but the brothers couldn't use the telegraph
    to send the signal all the way from Paris down to Bordeaux,
    because in Tours, half way down,
    there was a telegraph manager who would check the signal,
    and decode it to make sure it still made sense.
    The mistake and correction would be removed there.
    The scam worked for two years, until people started to get really suspicious about their success.
    And one of the telegraph employees who had been bribed confessed on his deathbed,
    either to ease his soul or to recruit a replacement.
    Everyone involved - everyone involved who was still alive, at least - was arrested.
    The Blanc brothers were found guilty of bribery,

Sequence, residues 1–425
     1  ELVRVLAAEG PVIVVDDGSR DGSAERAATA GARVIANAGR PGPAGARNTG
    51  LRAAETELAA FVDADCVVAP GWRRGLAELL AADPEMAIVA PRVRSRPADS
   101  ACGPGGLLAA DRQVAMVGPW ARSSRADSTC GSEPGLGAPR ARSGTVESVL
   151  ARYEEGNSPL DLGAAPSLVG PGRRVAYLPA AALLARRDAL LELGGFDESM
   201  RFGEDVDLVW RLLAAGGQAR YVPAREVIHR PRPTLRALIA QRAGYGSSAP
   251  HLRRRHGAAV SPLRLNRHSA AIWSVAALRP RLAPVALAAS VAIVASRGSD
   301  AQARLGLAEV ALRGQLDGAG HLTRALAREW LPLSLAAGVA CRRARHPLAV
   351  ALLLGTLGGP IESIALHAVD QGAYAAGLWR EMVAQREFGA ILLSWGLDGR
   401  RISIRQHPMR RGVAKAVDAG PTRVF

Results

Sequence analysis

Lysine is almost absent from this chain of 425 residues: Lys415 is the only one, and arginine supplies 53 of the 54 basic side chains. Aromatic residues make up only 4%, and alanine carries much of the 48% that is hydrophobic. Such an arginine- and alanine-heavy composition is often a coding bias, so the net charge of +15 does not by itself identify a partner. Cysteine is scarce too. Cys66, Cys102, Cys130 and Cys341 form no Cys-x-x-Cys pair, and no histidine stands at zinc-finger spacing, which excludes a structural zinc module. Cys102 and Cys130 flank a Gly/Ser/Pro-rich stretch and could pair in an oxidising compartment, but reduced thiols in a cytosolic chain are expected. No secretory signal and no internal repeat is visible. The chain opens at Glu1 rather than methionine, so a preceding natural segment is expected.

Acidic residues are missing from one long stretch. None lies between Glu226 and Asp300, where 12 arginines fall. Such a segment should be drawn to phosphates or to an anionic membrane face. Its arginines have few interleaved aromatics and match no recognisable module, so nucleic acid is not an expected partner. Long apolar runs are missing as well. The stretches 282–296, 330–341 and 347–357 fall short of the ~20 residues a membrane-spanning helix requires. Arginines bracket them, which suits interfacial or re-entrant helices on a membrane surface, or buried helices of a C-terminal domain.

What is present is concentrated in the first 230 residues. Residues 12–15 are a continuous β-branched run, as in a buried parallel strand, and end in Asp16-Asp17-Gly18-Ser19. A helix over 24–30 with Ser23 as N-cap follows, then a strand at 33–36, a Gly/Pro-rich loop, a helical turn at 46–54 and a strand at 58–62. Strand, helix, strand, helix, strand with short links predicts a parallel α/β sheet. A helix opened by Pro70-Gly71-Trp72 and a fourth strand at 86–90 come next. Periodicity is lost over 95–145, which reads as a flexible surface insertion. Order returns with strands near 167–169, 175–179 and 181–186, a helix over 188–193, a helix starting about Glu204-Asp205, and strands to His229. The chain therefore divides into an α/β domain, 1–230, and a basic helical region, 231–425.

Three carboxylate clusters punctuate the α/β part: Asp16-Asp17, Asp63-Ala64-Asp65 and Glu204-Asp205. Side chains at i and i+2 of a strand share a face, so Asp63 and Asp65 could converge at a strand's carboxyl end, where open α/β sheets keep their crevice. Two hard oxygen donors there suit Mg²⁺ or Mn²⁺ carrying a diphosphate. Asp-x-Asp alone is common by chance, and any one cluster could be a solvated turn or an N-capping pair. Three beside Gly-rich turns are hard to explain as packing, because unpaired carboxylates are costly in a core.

and the telegraph operators were found guilty of receiving bribes,
    but there wasn't actually any law about misusing the telegraph system,
    so the brothers were just ordered to pay the costs of the trial and nothing else.
    They got away with the money.
    And the French government, very soon after,
    approved new laws that not only banned private signals on these lines,
    but banned the idea of private semaphore networks altogether.
    You couldn't even build your own.
    These weren't lightspeed, high-frequency trading network microwave towers.
    But even now, when it comes to the stock market, time is money.
    The Blanc brothers were a good century and a half ahead of their time.
    Thank you to Victoria Harrison who spent a lot of time in the archives
    researching and translating sources; any errors in retelling are mine and not hers.
    Pull down the description to see some of the original documents that we worked from.